While Travelling through Nepal, rumors swirl among the mountaineering community. This rumor is about a mythical peak dubbed "the Matterhorn of the Himalayas." Despite standing under 7,000 meters (23,000 feet), this imposing summit is renowned for its technical difficulty drawing climbers from all corners of the globe to brave its steep and unforgiving terrain. But it's not just the challenge that entices adventurers to its slopes. The allure lies in the raw, unspoiled beauty of the climb, with unparalleled exposure that takes your breath away. They call it Ama Dablam, or "mother's necklace." Those who dare to take on this life-altering ascent will be transformed forever.
The challenge of Ama Dablam calls. No matter if you're a seasoned all-round mountaineer or a first-timer. You just have to have a passion for the towering beauty of the Himalayas. If you've already explored Nepal's stunning landscapes and are seeking a new, more demanding ascent than Mera or Island Peak. This expedition is tailor-made for you. Or, if you're simply captivated by the sheer majesty and scale of the mountain and yearn to test your limits against it. Whatever your motivation, the chance to climb Ama Dablam awaits. The world's most skilled mountaineers have hiked beneath this precious jewel for half a century as they neared the towering Everest, Lhotse, and other majestic peaks of Nepal's Khumbu Region. Its elegant contours of rock, ice, and sharply fluted snow have beckoned to them all. While four of the planet's six highest mountains encircle this magical valley, Ama Dablam embodies the essence of a climber's aspirations: The sight of this stunning summit is recognized worldwide among mountain enthusiasts. The landscape of Ama Dablam is genuinely magnificent. And despite its intimidating appearance from a distance, it is consistently less challenging than one might expect. However, it's crucial to possess a strong tolerance for heights and comfort with exposure, as coming unprepared could result in a dangerous and unforgettable setback.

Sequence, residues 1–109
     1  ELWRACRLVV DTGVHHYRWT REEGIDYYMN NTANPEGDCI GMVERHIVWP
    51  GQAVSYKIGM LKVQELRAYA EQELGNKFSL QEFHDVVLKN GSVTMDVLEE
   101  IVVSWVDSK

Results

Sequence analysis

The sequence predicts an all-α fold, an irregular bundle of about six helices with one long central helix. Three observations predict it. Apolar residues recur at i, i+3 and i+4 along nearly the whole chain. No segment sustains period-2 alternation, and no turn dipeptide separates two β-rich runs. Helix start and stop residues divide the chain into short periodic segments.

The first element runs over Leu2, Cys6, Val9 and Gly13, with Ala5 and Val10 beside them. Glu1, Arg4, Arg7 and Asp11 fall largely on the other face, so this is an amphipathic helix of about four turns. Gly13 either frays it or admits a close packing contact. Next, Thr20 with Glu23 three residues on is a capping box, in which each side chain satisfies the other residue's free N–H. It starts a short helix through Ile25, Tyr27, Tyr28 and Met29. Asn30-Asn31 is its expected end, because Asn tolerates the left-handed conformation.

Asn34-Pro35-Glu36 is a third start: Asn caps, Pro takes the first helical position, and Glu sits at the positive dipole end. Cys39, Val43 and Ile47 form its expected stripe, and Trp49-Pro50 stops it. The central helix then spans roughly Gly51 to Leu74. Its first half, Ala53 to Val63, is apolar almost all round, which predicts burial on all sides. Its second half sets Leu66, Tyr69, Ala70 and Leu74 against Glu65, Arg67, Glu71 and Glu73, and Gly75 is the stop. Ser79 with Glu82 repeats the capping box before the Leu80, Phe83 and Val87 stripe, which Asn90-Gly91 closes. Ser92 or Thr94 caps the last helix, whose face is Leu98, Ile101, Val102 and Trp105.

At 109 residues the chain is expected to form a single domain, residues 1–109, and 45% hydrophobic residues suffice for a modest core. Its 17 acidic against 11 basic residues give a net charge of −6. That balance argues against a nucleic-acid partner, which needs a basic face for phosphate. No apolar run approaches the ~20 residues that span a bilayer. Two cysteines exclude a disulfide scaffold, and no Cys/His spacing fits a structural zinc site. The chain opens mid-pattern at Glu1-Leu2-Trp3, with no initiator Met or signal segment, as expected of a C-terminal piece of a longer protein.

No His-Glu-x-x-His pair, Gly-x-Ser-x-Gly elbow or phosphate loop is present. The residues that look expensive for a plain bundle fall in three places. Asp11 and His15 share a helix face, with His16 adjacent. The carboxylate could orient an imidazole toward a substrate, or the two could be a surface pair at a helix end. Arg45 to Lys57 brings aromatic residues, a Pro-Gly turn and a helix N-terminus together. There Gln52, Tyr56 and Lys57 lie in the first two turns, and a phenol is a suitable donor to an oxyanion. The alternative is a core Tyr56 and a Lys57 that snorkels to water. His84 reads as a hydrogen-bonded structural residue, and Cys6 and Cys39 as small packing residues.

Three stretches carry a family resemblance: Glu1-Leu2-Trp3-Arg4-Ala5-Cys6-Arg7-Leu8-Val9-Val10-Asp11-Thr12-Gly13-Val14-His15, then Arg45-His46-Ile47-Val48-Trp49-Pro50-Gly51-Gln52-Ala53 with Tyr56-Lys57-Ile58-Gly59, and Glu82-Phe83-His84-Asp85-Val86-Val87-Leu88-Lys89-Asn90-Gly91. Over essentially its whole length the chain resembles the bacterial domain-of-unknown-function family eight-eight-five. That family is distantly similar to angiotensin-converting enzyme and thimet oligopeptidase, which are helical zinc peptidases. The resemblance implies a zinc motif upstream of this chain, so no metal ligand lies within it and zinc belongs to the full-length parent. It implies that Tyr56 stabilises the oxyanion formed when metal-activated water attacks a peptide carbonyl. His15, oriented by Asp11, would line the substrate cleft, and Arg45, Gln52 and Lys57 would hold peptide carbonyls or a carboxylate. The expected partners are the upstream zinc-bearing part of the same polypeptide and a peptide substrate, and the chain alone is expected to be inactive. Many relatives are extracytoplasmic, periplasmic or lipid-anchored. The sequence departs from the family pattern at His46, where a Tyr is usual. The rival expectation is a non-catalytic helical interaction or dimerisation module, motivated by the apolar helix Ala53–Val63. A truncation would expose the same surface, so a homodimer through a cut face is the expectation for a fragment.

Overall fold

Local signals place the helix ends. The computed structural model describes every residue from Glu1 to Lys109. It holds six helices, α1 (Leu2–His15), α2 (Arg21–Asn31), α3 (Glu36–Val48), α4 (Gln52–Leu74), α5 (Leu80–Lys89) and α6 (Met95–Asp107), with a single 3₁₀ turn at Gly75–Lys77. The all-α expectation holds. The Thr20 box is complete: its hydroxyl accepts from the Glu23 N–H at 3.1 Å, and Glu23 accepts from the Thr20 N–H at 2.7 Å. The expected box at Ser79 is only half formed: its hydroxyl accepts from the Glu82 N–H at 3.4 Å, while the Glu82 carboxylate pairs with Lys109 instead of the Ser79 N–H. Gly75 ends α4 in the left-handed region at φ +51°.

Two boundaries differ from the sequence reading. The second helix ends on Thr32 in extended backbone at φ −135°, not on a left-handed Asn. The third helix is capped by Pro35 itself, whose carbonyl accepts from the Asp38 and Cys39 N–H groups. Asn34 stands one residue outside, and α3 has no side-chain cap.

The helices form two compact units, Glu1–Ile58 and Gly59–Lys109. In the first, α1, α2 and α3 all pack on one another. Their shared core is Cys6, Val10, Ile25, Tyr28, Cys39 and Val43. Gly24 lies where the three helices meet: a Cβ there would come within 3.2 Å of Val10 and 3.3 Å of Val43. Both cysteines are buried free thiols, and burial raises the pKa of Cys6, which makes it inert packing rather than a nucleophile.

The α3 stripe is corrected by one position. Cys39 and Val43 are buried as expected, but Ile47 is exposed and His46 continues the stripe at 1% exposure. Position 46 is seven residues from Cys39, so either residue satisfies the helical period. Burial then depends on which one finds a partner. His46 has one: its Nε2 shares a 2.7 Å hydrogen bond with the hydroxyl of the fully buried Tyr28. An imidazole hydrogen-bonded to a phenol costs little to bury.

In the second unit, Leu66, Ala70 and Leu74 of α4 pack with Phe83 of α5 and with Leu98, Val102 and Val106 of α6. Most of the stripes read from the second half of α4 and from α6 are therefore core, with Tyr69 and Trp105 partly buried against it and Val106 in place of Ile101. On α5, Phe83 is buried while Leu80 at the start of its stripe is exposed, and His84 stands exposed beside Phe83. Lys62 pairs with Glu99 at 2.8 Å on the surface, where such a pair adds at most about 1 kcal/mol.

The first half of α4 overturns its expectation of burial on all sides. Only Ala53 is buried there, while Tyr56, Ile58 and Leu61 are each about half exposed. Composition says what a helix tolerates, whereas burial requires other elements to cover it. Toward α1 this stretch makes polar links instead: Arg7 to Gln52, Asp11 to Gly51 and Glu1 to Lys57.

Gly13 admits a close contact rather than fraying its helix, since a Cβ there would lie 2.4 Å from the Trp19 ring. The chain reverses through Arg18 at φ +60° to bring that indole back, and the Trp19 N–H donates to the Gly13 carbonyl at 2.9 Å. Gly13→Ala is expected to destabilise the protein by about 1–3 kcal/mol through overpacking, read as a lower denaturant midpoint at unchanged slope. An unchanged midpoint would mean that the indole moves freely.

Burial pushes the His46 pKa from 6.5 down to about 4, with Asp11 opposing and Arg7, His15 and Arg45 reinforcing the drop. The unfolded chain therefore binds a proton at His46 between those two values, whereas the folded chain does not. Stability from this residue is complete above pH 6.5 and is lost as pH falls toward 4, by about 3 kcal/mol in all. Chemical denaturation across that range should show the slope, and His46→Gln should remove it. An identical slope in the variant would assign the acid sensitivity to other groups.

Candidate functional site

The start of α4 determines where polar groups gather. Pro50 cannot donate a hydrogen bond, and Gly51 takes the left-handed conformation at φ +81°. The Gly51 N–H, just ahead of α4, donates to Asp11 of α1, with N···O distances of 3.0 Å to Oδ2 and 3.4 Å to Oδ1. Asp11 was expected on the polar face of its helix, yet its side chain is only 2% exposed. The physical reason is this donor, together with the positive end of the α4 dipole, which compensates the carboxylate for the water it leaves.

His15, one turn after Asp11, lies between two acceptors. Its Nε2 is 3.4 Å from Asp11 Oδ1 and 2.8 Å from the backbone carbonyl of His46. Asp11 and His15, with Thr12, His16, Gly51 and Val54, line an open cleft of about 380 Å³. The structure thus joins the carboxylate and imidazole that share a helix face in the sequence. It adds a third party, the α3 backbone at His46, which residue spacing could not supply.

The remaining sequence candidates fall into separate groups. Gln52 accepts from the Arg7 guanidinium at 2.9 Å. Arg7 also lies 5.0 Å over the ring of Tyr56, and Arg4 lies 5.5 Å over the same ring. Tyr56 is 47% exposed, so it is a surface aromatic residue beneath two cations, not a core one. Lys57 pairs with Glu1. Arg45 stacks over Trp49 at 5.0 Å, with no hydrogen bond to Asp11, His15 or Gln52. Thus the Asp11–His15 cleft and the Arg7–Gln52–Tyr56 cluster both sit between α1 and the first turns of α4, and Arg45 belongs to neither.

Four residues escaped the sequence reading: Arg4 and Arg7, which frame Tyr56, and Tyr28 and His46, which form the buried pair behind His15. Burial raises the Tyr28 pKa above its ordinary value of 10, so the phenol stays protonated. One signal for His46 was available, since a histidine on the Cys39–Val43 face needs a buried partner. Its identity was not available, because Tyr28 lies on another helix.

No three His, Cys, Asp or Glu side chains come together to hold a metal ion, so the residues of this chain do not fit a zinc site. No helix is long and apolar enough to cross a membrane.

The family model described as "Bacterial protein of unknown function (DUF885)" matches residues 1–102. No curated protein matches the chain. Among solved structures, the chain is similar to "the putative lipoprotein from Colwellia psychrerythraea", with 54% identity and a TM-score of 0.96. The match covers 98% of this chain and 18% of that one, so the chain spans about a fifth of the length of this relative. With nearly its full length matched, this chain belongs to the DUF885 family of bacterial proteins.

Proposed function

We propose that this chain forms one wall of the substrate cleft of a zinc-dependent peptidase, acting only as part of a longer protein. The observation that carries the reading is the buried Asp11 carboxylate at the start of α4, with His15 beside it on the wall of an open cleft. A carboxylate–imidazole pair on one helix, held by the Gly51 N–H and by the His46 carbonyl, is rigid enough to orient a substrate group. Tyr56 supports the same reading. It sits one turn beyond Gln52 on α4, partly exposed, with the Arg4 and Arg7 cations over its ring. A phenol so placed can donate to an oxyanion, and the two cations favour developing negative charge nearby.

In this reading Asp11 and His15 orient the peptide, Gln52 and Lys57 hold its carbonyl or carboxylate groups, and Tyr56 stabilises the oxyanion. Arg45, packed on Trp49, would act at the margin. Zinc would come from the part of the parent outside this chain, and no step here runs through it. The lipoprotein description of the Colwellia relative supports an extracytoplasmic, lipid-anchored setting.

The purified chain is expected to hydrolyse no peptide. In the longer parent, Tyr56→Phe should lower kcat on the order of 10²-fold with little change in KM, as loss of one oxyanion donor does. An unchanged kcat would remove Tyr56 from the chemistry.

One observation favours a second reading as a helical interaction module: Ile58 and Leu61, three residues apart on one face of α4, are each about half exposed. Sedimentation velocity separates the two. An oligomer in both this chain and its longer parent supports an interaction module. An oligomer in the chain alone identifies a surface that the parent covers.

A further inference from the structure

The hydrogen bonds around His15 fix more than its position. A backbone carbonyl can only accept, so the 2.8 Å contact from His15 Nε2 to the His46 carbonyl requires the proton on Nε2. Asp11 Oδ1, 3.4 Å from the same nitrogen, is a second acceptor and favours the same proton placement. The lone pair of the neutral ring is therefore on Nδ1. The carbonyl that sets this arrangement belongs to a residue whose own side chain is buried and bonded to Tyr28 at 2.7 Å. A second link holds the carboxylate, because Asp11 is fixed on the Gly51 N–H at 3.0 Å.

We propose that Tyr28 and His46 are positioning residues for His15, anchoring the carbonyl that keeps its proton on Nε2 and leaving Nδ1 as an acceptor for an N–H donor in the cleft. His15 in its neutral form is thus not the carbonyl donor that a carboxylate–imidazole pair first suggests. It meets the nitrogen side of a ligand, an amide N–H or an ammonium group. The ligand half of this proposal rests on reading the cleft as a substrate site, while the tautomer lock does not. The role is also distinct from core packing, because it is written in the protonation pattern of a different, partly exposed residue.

Standing at 6,812 meters (22,349 feet), Ama Dablam may not be the highest peak in the Himalayas. But it is undoubtedly a sight to behold and holds an iconic status. Known as the "Matterhorn of the Himalayas," the mountain's stunning profile dominates the skyline between Tengboche and Dingboche. This leaves a lasting impression on trekkers who have been to Everest Base Camp. As Nepal's third most popular expedition peak, climbers usually take the southwest ridge and establish three intermediate camps on their way to the summit. Mike Gill, Barry Bishop, Mike Ward, and Wally Romanes achieved the first successful summit in 1961. However, the mountain has seen its share of tragedies. One such tragedy includes the 2006 avalanche that killed six climbers at Annapurna's Camp 3. In 2008, a chunk of the hanging glacier, part of the namesake "Dablam," broke off, causing some climbers to skip Camp 3 and attempt the summit in one long day from Camp 2.